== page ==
This article also appears at WritersRumpus.com, a blog for authors and illustrators of children’s books.

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Big Sur on Cape Cod

W beach at Sea Crest Beach Hotel

I’ve just returned home from Big Sur on Cape Cod, a wonderful mentoring weekend for children’s book authors and illustrators organized by Andrea Brown and her most-successful-in-the-US literary agency, in coordination with Lisa Rehfuss. This event is held annually in California, and for the first time was offered here in New England (lucky us). The program and venue were fantastic. The food too, especially those lobster sliders!

W lunch on deck

Box lunches on the deck.

W Littleneck clam chowder

Littleneck clam chowder.

The ratio of mentors – meaning agents, editors, and established authors – to attendees was one to five. Of the fifty attendees at least two had their work requested by agents present during the weekend. Editors Yolanda Scott of Charlesbridge and Christine Krones of Houghton Mifflin Harcourt will be open to queries from attendees for the next three months. Yolanda Scott also revealed that Charlesbridge will release YA books in 2017. All fifty registrants received fabulous feedback, business pointers, and camaraderie.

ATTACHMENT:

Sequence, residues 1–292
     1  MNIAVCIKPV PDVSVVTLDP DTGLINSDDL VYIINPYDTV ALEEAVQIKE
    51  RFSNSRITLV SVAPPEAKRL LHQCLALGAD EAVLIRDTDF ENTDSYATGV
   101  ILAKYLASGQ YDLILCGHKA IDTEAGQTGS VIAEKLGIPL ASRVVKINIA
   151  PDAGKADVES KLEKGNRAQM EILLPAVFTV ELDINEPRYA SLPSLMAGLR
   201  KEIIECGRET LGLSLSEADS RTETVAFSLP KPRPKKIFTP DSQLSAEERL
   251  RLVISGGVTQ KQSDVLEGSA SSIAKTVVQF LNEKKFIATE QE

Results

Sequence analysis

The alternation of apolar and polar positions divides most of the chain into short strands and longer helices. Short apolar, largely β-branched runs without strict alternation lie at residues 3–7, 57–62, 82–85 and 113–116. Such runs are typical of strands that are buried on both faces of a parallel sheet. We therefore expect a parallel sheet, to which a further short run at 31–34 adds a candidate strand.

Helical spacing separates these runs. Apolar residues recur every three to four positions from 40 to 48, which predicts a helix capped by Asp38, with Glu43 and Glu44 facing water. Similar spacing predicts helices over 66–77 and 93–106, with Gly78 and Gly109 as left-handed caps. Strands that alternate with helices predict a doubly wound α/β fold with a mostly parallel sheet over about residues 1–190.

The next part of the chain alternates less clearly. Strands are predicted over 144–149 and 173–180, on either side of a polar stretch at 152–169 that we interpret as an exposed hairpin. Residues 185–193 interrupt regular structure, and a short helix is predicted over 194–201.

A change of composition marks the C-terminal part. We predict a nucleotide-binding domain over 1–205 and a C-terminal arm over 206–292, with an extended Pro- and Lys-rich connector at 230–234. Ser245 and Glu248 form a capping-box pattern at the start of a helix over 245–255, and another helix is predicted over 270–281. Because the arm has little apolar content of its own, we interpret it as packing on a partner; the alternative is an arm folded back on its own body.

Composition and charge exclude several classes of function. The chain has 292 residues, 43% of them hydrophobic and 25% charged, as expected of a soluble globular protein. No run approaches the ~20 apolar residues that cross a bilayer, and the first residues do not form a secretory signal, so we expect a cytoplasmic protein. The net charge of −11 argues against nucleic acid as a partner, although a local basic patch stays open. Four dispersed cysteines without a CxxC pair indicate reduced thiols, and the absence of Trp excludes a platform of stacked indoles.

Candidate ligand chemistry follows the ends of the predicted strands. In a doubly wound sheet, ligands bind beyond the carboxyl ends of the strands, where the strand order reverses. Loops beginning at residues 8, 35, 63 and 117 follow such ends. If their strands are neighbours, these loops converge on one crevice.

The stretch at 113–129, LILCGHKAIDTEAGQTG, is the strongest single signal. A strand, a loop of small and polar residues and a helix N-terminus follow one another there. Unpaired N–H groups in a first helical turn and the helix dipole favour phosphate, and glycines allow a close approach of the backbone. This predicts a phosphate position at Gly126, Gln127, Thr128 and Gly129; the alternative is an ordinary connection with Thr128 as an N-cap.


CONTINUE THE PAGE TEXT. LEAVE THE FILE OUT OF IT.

W David Elliott

David Elliott with four of his five acolytes.

My two mentors were Kelly Sonnack, a seriously perceptive and business minded Senior Agent at Andrea Brown, Inc. and David Elliott, a New York Times best-selling children’s author and almost opera singer. I am so grateful for the wisdom they and my workshop peers shared. Brandi Hand not only has beautiful red hair, but cleverly volunteered to set up a Big Sur Facebook page for post event sharing.

An added bonus was an impromptu illustration critique session by Anne Sibley O’Brien, a well-known author/illustrator of wonderful books focused on diversity. Workshop attendees from picture book people to YA authors came from the Midwest, New Orleans, and even Stockholm, Sweden.

No time for this!

No time for this!

This weekend was a convergence of fertile minds and eloquent hearts all striving towards compelling writing and art for children’s books.

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Interview: Totally Talented Brian Lies

I recently did an interview for WritersRumpus.com with Brian Lies, successful author and illustrator of gorgeous books for children. It was posted to coincide with the release of Brian’s latest picture book, Gator Dad. You can see his glorious artwork and read about him here.